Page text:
The study, published in Diabetes Metabolism Research and Reviews, involved 60 patients with Wagner grade 3 diabetic foot ulcers, who received either probiotics or placebo. The authors found that probiotics significantly reduced ulcer length (-1.3 cm in comparison to -0.8 for placebo), width (-1.1 cm in comparison to -0.7 for placebo) and depth (-0.5 cm in comparison to -0.3 cm for placebo) over a 12-week period. Probiotics also had positive effects on patients’ fasting plasma glucose, serum insulin concentrations and HbA1c, according to the study.
Jakob Thorud, DPM, FACFAS, says the researchers’ results are promising and that probiotics may have a larger role in treating diabetes and not just diabetic foot ulcers. However, he says the study’s conclusion of a reduction in HbA1c seems to be a more plausible explanation to ulcer size reduction in line with other recent studies.
“Thus, I remain skeptical that the probiotics may be really treating glycemic control and in turn improving ulceration characteristics,” says Dr. Thorud, who is affiliated with Mercy Health System in Illinois. “If probiotics become a more mainstream adjunctive measure for diabetes, this may become a moot point.”
Matthew Regulski, DPM, does not know of scientific evidence that shows how probiotics affect perturbations in the chronic wound molecular and biochemical enviroment. As he notes, the consternation lies in exactly which bacteria are beneficial, what probiotic concentration is optimal and determining the optimal dosing schedule.
However, Dr. Regulski notes there are chronic inflammatory diseases that can have a significant contribution from overgrowth of inflammatory bacteria especially in the gut. Chronic inflammation will induce edema and vasodilation, which are avenues that bacteria can use to escape into the systemic circulation and release their inflammatory proteins to exert their deleterious effects, notes Dr. Regulski, the Director of the Wound Institute of Ocean County, NJ. He says there are some small studies in the diabetic population that show reduction of inflammatory markers with the use of probiotics but notes a need for larger, more controlled studies.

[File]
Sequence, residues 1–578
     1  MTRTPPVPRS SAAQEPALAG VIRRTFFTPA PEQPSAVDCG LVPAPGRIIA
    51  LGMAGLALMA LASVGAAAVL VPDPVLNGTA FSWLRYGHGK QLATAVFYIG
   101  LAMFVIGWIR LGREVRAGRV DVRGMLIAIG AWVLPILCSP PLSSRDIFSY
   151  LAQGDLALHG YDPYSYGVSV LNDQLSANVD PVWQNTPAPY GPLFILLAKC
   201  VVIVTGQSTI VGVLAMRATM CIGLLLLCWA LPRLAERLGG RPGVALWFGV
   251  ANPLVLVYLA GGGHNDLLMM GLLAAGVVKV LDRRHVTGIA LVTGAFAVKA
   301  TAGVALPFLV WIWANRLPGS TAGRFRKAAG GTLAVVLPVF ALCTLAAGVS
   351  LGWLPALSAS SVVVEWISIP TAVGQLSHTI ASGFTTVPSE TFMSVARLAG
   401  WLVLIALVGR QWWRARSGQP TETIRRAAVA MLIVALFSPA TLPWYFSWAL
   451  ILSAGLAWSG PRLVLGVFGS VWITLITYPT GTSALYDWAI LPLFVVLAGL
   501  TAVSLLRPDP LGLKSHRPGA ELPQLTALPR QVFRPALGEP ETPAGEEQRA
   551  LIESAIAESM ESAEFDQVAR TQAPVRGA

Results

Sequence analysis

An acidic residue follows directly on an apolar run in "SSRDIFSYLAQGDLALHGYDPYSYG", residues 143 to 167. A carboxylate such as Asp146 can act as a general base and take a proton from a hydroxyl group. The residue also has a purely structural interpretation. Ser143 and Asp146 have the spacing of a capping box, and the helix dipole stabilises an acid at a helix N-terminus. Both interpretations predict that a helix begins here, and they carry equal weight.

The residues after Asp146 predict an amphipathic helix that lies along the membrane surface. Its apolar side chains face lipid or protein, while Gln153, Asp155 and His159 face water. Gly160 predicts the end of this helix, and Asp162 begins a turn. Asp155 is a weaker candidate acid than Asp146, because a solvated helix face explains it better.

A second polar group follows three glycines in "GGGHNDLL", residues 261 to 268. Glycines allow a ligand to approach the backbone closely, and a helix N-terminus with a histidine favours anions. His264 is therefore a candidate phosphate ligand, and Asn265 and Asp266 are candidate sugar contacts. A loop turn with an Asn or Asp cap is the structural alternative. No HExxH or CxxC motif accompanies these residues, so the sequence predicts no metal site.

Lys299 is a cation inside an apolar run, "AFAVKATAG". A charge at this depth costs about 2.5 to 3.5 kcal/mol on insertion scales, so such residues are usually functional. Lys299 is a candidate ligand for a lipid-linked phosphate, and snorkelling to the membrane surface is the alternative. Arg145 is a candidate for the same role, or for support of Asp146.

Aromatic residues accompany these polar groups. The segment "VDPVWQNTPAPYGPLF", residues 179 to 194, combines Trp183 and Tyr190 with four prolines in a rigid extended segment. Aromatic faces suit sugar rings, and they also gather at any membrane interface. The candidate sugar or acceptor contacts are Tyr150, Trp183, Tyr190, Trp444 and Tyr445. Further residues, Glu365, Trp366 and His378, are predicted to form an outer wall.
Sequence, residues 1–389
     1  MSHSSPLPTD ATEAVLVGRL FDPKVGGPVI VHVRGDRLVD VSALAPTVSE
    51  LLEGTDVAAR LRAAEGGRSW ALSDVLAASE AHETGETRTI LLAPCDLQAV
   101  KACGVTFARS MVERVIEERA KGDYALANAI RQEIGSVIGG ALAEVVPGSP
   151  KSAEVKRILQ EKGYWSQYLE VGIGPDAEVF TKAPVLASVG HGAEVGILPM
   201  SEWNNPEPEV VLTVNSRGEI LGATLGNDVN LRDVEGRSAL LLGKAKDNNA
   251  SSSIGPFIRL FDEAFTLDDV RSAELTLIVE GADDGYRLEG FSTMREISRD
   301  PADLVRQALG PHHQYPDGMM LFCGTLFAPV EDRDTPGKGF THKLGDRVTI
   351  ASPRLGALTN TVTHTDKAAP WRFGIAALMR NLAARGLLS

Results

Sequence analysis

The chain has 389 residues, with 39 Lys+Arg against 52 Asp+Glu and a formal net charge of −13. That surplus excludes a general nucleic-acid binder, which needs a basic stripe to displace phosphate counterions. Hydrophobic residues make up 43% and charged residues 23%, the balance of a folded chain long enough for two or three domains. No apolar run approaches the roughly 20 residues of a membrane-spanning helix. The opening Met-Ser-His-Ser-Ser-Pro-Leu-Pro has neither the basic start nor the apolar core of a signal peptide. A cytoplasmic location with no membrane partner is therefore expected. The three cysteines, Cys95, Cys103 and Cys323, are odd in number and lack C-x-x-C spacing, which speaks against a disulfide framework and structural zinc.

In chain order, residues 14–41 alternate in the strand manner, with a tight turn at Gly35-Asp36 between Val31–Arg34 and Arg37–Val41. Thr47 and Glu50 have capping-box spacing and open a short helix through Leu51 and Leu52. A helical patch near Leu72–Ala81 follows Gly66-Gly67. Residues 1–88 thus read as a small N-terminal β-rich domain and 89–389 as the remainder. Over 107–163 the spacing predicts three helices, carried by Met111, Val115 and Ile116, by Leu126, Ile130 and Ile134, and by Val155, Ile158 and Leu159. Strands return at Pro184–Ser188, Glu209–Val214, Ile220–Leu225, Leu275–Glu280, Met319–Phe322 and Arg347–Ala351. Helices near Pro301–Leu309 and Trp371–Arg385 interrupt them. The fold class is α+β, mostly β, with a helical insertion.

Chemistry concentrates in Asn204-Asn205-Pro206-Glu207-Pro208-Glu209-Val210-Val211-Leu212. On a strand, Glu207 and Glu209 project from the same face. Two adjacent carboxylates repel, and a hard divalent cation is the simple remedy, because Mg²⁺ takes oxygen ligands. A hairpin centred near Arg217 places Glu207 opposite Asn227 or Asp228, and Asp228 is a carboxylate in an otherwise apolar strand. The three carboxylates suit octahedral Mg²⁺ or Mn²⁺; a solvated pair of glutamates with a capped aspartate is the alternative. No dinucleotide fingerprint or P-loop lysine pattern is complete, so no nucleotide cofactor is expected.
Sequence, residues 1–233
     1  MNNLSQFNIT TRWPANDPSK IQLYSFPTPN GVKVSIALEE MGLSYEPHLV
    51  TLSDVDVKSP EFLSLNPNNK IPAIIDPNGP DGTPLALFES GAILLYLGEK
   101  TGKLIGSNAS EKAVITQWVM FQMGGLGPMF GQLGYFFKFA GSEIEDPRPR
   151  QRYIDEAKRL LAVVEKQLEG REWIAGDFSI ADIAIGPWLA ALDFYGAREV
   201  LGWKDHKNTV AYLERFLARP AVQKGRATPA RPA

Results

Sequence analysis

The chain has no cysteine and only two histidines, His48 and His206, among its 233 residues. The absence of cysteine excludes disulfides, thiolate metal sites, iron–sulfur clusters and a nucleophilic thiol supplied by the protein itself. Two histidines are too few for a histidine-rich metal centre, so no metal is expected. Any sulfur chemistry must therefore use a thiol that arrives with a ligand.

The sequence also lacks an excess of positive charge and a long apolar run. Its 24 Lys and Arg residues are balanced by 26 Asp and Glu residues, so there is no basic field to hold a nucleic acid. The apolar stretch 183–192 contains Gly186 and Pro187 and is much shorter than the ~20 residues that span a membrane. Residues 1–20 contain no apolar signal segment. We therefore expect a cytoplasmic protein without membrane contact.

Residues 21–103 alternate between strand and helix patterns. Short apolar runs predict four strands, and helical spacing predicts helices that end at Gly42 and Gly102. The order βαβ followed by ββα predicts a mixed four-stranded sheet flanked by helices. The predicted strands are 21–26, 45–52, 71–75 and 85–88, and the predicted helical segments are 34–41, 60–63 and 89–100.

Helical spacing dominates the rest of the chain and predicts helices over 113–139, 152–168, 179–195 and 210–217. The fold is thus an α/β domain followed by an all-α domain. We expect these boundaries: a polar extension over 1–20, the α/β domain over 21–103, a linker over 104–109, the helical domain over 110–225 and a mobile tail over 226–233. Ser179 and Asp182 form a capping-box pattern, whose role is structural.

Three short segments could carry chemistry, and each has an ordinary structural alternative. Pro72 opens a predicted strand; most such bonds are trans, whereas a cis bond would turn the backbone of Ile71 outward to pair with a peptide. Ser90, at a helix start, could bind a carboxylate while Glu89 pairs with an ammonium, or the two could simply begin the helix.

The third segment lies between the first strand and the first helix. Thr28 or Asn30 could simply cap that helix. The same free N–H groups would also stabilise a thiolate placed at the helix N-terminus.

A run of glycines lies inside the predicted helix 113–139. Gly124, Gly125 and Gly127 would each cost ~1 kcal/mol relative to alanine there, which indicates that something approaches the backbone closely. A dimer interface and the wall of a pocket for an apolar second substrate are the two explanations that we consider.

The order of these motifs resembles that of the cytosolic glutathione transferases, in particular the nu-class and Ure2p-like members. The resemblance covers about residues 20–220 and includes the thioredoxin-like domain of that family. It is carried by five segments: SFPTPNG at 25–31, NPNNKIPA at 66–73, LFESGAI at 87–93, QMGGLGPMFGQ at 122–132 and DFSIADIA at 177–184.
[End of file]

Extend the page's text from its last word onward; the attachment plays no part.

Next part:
Dr. Thorud emphasizes that both the treating physician for the patient’s diabetes and the patient should be aware before prescribing probiotics that blood sugars may decrease with probiotic supplementation. He notes that patients who are using probiotics as well as antibiotics may not only benefit with a possible impact on wound healing but there may also be a moderate reduction in rates of Clostridium difficile.
Dr. Thorud already recommends that patients using antibiotics in the long term should use probiotics.
For further reading, see the April 2015 DPM Blog “Why Studying Microbiomes May Help In The Treatment of Diabetic Neuropathy” by Stephen Barrett, DPM, FACFAS at https://www.podiatrytoday.com/blogged/why-studying-microbiomes-may-help-treatment-diabetic-neuropathy .
Can A Minimally Invasive Distal Metatarsal Diaphyseal Osteotomy Treat Chronic Plantar DFUs?
By Brian McCurdy, Managing Editor
The minimally invasive distal metatarsal diaphyseal osteotomy can effectively treat chronic plantar diabetic foot ulcers by reducing plantar pressure under the metatarsal heads, according to a new study in Foot and Ankle International.
The study focused on 35 chronic plantar diabetic foot ulcers in 30 patients. Researchers note the ulcers had a mean diameter of 16.3 mm and had been present a mean of 10.3 moths. The study authors found a mean healing time of 7.9 weeks in all ulcers and note that American Orthopaedic Foot and Ankle (AOFAS) scores improved 55.3 to 81.4 points after surgery. At a mean follow-up of 25.3 months, the authors found no recurring ulcers and few complications.